Meleagris ocellata) that are found in Central America.has one of the widest distributions among game birds of North America. Wild turkeys are found from the western and southern United States to the Atlantic seaboard and New England. Throughout the range there are six sub-species. There is only one other species of wild turkey, ocellated turkeys (
Habitats preferred by wild turkeys include mixed coniferous and deciduous forests, agricultural fields, orchards, and seasonal marshes.
Terrestrial Biomes: forest .
Wetlands: marsh .
Other: agricultural .
(7.92 to 24.2 lbs)
Male wild turkeys have dark, iridescent bodies. The flight feathers are black with brown stripes and are barred with white.has red wattles, a caruncle, and a blackish breast tuft. The wattle is the fleshy lobes that hang down from the chin or throat. The caruncle is the wart-like projections of skin attached to the upper part of the forehead. The legs are spurred and spurs can grow as long as 3.175 centimeters. The leg scales are pink, pinkish gray, or silver gray. The head of the adult gobbler (male) is red, blue, or white depending on the season. Female are smaller and duller than males, and lack a breast tuft. Females also have a grayish head and the back of the neck is feathered.
Male gobblers can range anywhere from 15 to 25 pounds (6.8 to about 11 kg). Hens are usually smaller and weigh in between 8 to 12 pounds (3.6 to 5.4 kg). Weight varies considerably depending on the time of year and resource availability.
Sexual dimorphism: male larger, sexes colored or patterned differently, male more colorful.
During the spring, males will fan out their tails, strut and gobble in an attempt to attract and hold a harem of females. The calls of male wild turkeys (also called a gobble) can be heard 1.61 kilometers away. Wild turkeys are polygynous.
Mating systems: polygynous .
Breeding begins during the spring and eggs are laid two to three weeks after copulation. The hen usually nests on the ground in a depression, and the nest is usually surrounded by dense brush, vines, tangles, deep grass, or fallen tree tops. The nest contains 8 to 15 eggs. The incubation period is 28 days and the young fledge in 6 to 10 days.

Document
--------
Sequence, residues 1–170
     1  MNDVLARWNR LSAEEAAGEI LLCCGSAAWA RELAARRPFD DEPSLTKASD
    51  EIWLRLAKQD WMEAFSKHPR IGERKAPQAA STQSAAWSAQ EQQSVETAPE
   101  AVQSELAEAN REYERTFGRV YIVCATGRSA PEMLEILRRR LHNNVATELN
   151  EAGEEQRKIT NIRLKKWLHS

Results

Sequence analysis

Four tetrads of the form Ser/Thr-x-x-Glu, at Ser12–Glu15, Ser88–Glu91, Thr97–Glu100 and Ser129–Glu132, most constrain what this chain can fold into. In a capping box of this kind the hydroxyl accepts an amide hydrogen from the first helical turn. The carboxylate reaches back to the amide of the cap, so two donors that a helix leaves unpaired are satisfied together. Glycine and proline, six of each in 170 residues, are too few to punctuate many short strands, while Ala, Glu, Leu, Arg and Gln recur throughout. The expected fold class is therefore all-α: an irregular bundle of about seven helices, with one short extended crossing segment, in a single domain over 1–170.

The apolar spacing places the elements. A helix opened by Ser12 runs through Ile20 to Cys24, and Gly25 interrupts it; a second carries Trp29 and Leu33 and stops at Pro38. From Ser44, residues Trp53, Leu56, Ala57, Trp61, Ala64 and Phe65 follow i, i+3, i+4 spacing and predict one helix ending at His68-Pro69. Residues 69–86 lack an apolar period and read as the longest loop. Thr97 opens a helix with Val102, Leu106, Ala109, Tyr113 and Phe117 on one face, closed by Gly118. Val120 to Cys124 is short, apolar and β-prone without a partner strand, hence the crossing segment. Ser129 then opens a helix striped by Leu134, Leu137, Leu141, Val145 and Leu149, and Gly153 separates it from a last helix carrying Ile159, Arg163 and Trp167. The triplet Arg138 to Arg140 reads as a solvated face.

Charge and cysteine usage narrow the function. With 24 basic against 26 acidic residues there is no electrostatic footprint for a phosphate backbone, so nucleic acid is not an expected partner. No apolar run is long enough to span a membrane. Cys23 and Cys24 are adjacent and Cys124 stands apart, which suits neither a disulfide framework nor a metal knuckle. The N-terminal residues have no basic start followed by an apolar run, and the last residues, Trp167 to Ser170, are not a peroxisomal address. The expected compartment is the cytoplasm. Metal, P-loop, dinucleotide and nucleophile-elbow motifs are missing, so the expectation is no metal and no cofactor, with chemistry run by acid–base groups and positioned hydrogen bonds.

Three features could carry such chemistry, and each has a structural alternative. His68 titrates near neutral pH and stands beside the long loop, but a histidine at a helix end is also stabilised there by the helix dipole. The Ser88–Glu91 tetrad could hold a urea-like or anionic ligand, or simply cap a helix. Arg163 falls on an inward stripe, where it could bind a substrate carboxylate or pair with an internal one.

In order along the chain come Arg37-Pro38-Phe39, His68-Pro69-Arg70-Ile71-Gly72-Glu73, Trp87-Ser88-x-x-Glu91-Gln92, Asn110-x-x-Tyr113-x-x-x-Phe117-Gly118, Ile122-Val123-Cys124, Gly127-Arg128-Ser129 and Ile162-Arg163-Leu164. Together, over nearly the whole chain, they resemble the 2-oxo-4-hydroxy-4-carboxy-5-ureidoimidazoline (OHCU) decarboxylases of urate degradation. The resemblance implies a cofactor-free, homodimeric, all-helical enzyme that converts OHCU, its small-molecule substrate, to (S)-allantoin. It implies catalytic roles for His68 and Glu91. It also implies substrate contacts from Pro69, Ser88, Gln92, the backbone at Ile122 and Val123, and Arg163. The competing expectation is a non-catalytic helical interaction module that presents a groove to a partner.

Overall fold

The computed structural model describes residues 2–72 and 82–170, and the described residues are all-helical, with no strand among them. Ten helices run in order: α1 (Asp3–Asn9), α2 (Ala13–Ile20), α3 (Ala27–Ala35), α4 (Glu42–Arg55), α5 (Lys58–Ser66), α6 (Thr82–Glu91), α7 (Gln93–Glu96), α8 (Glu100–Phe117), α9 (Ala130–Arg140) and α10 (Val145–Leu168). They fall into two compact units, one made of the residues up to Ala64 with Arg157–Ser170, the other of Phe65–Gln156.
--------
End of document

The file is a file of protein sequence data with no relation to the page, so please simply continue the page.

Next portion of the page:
Females are responsible for the care of the precocial young.
Parental investment: no parental involvement; precocial ; pre-hatching/birth; pre-weaning/fledging; pre-independence (protecting: female).
The lifespans of wild turkeys vary from 5-12 years.
By daycan be seen grazing in fields and woodlands. At night roosts in trees. is a very wary bird with keen eyesight and hearing. It is also a swift runner and one of the fastest flying game birds alive. A turkey has been recorded flying 88.5 kilometers per hour. In the fall, form flocks with several males accompanying several females. There is no calling (unless the flock gets broken up) and there are no displays similar to those seen in the spring. The main objective is to gather enough fat reserves for the winter.
We do not have information on home range for this species at this time.
Communication and Perception
During the spring, males will fan out their tails, strut and gobble in an attempt to attract and hold a harem of females. The call of male wild turkeys (also called a gobble) can be heard 1.61 kilometers away.
forage mostly on the ground for seeds, nuts, acorns, buds, berries and insects. They usually forage during daylight hours, but are sometimes on the ground looking for food shortly before dawn.
Animal Foods: insects.
Plant Foods: leaves; seeds, grains, and nuts; fruit.
We do not have information on predation for this species at this time.
Wild turkeys have an impact on the prey they eat and the plants whose seeds and nuts they consume.
Economic Importance for Humans: Negative
There are no known adverse affects of wild turkeys on humans.
Economic Importance for Humans: Positive
is one of the most popular game birds in the United States. Turkey hunting brings millions of dollars to states' Department of Natural Resources, public, and private organizations. Turkey hunting enhances conservation efforts by preserving habitat and creating selective hunting seasons to ensure healthy population numbers. There are numerous organizations that want to keep wild turkeys plentiful in many regions of the country.
Ways that people benefit from these animals: food .
Wild turkeys are plentiful and are not endangered or threatened. In fact, many states are starting to introduceinto previously uninhabited areas to increase its range and distribution.